Museums all over the Southland continue to reopen, offering treasures and treats for all ages and every interest. All visitors must comply with state and county COVID-19 safety measures that include advance registration, submitting to an online health screening and in-person temperature check before entering, observing six-foot distancing and wearing a two-layer cloth mask. Neck gaiters, open-chin triangle bandanas, and face coverings with valves, mesh, or holes will not qualify. Some areas may still be off limits, and food service and other conveniences may not be available, but the reopenings are breathing new life and hope into Southern California.

Wall Panel with a Striding Lion, Neo-Babylonian period 605–562 B.C. Glazed brick, on loan from The Metropolitan Museum of Art, Fletcher Fund, 1931. Image: www.metmuseum.org, courtesy of the Getty

The Getty Villa in Pacific Palisades reopened this week for the first since the coronavirus crisis began last March. Visitors can explore the museum’s Roman gardens just in time for peak spring bloom, visit the antiquities galleries, and finally see Mesopotamia: Civilization Begins, a highly anticipated major exhibition that was slated to open just days after the Villa had to close last year. Organized by the Getty Museum and the Musée du Louvre, Paris, Mesopotamia features work from the Louvre with additional loans from the Bibliothèque nationale de France, Paris, and the Metropolitan Museum of Art, New York. The installation is described as the most important exhibition of Mesopotamian art ever presented on the West Coast. This is a once-in-a-lifetime show for anyone interested in the roots of civilization. Admission is free, but reservations are required, and there is a parking fee. https://www.getty.edu

The Bowers Museum in Orange County also had to close its doors on a highly anticipated new exhibition last year, this one focused on pop culture instead of ancient civilization. The Bowers reopened last month, and finally opened the doors to Inside the Walt Disney Archives: 50 Years of Preserving the Magic, a 10,000-square-feet traveling exhibit that showcases 400 objects from the Walt Disney Archives. It’s a fun and entertaining exhibition for all ages, and it’s been extended through June. The Bowers is a long drive for local residents, but it offers some amazing things. Also on exhibit right now is Treasures in Gold & Jade: Masterworks from Taiwan, featuring 27 carvings by jade sculptor Huang Fu Shou, and 17 sculptures by goldsmith Wu Ching. It’s a spectacular show. www.bowers.org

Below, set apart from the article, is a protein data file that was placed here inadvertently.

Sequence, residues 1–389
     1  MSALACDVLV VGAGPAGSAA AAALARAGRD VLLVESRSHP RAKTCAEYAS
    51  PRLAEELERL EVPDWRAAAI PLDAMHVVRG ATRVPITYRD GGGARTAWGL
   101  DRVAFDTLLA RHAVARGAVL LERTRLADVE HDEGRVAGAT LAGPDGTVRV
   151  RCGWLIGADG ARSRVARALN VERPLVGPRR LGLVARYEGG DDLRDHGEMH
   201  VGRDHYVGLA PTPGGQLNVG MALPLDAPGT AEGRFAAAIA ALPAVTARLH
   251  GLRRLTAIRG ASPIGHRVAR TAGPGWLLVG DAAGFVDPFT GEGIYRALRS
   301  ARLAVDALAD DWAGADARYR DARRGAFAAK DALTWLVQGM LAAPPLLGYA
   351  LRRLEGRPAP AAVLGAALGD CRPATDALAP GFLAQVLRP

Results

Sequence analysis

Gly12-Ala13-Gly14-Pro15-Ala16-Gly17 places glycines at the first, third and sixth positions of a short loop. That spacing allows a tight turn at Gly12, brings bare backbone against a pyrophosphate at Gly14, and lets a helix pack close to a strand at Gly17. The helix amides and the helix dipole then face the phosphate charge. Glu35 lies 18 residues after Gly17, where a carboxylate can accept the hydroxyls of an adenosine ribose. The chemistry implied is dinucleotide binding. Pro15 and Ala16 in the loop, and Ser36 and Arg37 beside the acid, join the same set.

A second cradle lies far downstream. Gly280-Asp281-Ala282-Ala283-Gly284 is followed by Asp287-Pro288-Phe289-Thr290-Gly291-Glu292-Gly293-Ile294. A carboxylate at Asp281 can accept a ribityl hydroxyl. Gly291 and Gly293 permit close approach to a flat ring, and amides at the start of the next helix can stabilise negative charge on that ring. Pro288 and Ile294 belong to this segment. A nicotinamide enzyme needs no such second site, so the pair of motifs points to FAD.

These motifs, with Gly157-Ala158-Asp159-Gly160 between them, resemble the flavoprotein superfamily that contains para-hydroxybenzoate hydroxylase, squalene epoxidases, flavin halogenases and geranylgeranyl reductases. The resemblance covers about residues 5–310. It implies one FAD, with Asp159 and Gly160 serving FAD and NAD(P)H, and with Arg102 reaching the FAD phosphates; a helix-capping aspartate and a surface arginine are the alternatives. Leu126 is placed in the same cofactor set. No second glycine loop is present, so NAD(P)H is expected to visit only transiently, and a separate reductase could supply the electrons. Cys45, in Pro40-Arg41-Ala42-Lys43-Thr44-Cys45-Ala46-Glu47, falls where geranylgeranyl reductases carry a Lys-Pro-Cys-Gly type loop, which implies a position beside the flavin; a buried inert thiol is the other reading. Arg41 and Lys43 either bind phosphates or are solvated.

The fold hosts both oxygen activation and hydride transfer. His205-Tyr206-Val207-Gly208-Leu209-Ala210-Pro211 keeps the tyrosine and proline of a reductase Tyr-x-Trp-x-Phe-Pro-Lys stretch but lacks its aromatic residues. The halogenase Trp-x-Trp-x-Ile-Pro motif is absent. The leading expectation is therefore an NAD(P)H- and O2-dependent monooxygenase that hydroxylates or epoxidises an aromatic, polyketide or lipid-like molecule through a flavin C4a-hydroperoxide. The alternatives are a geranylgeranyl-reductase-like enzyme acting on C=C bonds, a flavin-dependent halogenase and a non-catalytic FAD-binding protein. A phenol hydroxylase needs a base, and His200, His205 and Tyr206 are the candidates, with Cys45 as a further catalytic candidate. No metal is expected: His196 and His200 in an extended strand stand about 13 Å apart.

Travel Town Museum at Griffith Park also reopened this month. The open air railroad heritage museum, loved by generations of Angelenos, is better than ever. While the site was closed, staff and volunteers of the Travel Town Museum Foundation were hard at work restoring several of the museum’s historic trains. We know a certain four year old who has been asking about Travel Town for months. The answer is now yes, it’s open! Check the website for hours and admission: www.laparks.org/traveltown/locomotives 

Closer to home, the Chumash Indian Museum in Thousand Oaks reopened early this month. This small local cultural heritage museum houses an astonishing collection of artifacts created by the Chumash people, from tools to toys, musical instruments to star charts. The museum is located in Oakbrook Regional Park, 3290 Lang Ranch Parkway. Walking trails in the park include a look at Chumash mortar stones and a replica Chumash village. The hours are 11-3 p.m. daily. No reservations required. The park is open from sunrise to sunset. It’s a great day trip adventure for families. www.chumashmuseum.org

There is good news from MOCA. All facilities at the Museum of Contemporary Art will reopen starting June 3, with member preview days starting May 20. All visitors will need to book timed tickets in advance, but those passes will now be free. www.moca.org